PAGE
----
Friday 17 June 2016

Leading Yourself through Change: Building Your Confidence

Years ago, I remember walking with a leader to a steering committee meeting for a major technology change. He said, "Tell me what questions I should ask so I look like I know what I am doing." He said it jokingly but he wasn't joking. This was his first big change and he lacked the confidence to lead in his role.

Leaders aren't at their best when they lack confidence. Their fight or flight response overrules their skills and experience, making survival the number one goal. Unproductive behaviours  anger, poor listening, silence, reactive or avoidance of decision-making  emerge, which negatively affect those around them and the progress they are able to make.

Confidence is the most important trait leaders can draw upon when managing new realities. Confident they are positively moving forward by speaking to the right people, making the right decisions, and giving their teams the right support to change how they work.

Here are three ways to build your confidence to help you lead change:

Understand the change (better than most)
Knowledge directly increases your confidence level. If you have done something well in the past, you tend to be confident about doing it again; if it's your first time your confidence tends to be low. As Dan Rockwell says, confident people "know what to do next."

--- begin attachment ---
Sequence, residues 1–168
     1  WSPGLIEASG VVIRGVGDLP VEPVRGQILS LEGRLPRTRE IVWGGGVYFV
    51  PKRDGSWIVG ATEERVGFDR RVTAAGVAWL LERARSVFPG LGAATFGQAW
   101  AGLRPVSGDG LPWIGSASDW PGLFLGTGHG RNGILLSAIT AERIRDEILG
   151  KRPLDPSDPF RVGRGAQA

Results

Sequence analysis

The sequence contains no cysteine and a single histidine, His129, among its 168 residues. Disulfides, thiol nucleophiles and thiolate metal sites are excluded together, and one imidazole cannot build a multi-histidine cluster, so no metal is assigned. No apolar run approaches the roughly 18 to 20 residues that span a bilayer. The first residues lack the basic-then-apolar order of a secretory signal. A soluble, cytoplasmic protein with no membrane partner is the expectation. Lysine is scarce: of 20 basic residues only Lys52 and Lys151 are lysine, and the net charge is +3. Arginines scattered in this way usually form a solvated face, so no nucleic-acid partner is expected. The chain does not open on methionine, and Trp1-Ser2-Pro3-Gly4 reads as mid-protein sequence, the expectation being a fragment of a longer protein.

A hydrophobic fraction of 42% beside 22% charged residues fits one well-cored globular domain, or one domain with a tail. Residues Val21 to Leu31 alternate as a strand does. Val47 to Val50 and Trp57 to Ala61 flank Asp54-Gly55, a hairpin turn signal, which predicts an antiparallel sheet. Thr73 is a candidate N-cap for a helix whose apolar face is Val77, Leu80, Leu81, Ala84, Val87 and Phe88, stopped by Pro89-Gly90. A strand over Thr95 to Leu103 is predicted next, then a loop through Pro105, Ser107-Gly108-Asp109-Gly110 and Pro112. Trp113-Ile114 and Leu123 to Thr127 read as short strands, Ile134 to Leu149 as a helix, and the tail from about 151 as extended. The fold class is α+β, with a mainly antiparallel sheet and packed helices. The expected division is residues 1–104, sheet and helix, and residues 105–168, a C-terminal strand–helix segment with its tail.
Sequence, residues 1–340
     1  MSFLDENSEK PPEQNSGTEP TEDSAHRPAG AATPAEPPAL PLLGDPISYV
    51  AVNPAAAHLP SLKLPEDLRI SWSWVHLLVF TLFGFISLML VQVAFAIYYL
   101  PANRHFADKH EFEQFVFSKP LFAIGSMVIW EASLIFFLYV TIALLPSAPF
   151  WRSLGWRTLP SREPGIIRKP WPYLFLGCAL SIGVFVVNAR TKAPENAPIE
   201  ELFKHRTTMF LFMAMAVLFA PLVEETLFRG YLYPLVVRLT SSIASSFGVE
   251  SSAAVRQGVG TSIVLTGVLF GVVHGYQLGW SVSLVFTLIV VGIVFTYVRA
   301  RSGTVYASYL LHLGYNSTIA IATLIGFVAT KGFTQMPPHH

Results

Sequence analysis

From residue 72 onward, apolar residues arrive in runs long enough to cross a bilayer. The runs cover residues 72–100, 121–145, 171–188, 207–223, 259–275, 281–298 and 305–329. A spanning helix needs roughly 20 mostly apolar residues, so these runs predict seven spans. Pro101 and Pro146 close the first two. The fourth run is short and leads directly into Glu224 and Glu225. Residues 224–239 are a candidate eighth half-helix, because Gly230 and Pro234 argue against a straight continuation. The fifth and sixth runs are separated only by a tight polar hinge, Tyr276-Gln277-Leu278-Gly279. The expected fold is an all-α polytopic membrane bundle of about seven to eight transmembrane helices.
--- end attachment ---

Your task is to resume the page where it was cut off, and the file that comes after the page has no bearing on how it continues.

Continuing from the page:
Knowledge builds a framework from which to figure out and manage through a change. Without this foundation, there is little to guide your thinking and actions, and therefore, little validation that the best decisions are being made. 

Leaders who have the best knowledge look beyond their industry. They seek out people and resources from other businesses that have managed similar situations. They also are not afraid to apply innovative approaches and lessons learned from diverse sources. To broaden your knowledge and increase your confidence, look beyond your own environment.

Know the questions to ask
Change leaders often don't know the questions to ask to ensure the organization is going in the right direction and has capacity to make significant changes. Knowing the key questions common to big change projects will keep you well informed and aware of emerging risks.

Here are examples of important questions in the Managing Change phase:

The Plan:                When is the organization ready to make the change?
Resources:             How do I get more resources if I need them?
Communications:  How do I know communications are working?
Getting Results:     How do I keep momentum given other projects in play?

Don't take it personally
After a tense and explosive meeting, I asked a leader how she was feeling. She said, "Fine, it's not personal." This was a consistent behaviour: she separated content from emotions. By doing so, she didn't respond emotionally to the power-up of other leaders and remained focused on the facts and decisions around them.

Putting yourself in other people's shoes can help objectify a tense moment or perceived affront. What pressures are they under, is this a common behaviour expressed to others, what has neutralized situations with them in the past? Emotions reveal characteristics of those who express them. Remembering this in the heat of the moment is a sign of confidence.

Confident leaders believe that their skills and experience will support them through change. Understanding the change, knowing the questions to ask and not taking things personally will help you build your confidence to be your best as you lead change.


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